Wizz Air expects to double its operational presence outside of Europe over the next 12 to 18 months, chief executive József Váradi said in a media briefing at the Routes Europe conference in Budapest this week.
The Hungarian low-cost carrier (LCC) has spread its reach beyond European borders during the past year, announcing new services to Kutaisi in Georgia, Baku in Azerbaijan, Tel Aviv in Israel and Dubai in the United Arab Emirates.
It also operates subsidiary Wizz Air Ukraine at Kiev Zhuliany airport, where it has based three Airbus A320s.
"Slowly but surely we have been moving towards the East," Váradi confirms, adding that Europe's economic difficulties have been "forcing us to look around and consider alternatives for growth in new markets".
"We think that those markets are under-penetrated, certainly by the LCC sector. We can stimulate those markets...What you see right now is probably half of what we are going to be doing in a year to 18 months from now."
Asked which countries are being targeted for expansion, Váradi says anywhere within five-hours flying time of a Wizz Air base will be considered.
"We need to keep in mind the physical range an A320 can perform," he notes. "You might get into places like Asia big-time, but not necessarily from a Hungarian perspective. More from a perspective of a closer neighbourhood, to serve the particular needs of that market."
Váradi suggests that countries which show willingness to liberalise their regulatory landscape and ease bilateral restrictions will be prioritised by the low-cost carrier.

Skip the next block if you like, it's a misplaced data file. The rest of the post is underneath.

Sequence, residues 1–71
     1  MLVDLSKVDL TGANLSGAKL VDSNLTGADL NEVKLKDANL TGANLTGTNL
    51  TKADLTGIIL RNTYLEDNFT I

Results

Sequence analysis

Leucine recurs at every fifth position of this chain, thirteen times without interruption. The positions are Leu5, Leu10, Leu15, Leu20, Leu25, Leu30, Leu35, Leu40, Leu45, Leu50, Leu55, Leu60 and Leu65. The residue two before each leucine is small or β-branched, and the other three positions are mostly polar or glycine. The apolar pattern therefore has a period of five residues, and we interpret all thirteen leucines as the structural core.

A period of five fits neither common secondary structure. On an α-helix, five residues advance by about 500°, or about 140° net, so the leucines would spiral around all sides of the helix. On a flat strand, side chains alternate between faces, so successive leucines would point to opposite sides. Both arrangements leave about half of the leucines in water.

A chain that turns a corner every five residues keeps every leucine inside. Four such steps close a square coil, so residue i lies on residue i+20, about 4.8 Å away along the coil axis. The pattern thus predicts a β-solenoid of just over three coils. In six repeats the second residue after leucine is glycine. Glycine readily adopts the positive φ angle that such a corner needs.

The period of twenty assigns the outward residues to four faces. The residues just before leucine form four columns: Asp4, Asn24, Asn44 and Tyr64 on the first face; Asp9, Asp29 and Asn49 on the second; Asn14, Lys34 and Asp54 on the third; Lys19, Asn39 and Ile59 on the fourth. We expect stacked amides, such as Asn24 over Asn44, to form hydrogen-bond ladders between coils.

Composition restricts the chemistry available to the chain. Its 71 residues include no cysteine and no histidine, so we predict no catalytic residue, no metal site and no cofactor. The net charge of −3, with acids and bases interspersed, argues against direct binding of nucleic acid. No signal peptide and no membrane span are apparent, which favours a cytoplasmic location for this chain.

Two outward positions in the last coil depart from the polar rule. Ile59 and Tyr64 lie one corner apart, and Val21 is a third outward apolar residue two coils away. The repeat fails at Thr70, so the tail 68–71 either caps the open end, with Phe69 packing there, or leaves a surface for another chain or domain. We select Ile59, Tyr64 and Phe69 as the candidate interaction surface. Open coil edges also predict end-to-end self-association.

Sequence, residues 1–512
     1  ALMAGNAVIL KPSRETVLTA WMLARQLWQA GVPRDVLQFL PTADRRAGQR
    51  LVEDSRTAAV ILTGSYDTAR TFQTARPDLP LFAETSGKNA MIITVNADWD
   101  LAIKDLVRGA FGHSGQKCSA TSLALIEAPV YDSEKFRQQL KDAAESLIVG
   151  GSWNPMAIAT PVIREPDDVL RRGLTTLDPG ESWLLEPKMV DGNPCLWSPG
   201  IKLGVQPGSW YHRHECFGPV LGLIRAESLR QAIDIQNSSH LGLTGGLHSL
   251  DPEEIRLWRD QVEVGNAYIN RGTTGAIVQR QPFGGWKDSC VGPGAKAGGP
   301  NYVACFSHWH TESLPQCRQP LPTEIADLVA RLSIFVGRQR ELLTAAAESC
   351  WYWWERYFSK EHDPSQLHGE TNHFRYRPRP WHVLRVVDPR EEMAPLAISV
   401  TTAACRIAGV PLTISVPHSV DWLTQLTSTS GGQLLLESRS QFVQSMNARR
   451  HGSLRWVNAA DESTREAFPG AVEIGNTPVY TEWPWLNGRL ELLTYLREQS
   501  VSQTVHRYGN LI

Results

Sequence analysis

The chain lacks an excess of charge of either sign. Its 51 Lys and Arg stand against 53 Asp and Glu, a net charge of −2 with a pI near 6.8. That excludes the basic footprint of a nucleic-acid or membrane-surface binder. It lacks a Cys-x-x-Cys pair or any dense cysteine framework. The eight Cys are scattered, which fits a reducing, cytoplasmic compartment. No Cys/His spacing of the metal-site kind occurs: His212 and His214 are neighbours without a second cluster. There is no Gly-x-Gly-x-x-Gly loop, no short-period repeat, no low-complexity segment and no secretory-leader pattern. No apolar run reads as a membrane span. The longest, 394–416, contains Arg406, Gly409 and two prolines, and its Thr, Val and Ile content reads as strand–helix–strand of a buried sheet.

Such challenges are still being encountered in existing markets, he admits, citing "genuine difficulty" by Wizz Air Ukraine in gaining market access.
"Ukraine is still the old-school system. A bilateral regulatory regime governs the airline industry there," Váradi explains. But he also points to evidence of reform, adding that the failure of Aerosvit in December 2012 has "changed the attitude of the regulator to some extent".
"I certainly wouldn't call the country an open market regime, but it is more flexible than it used to be," he says.
The Hungarian chief executive emphasises that Wizz Air will not alter its seat configuration for any upcoming eastern routes, though it will consider introducing unspecified new "service components" on longer flights.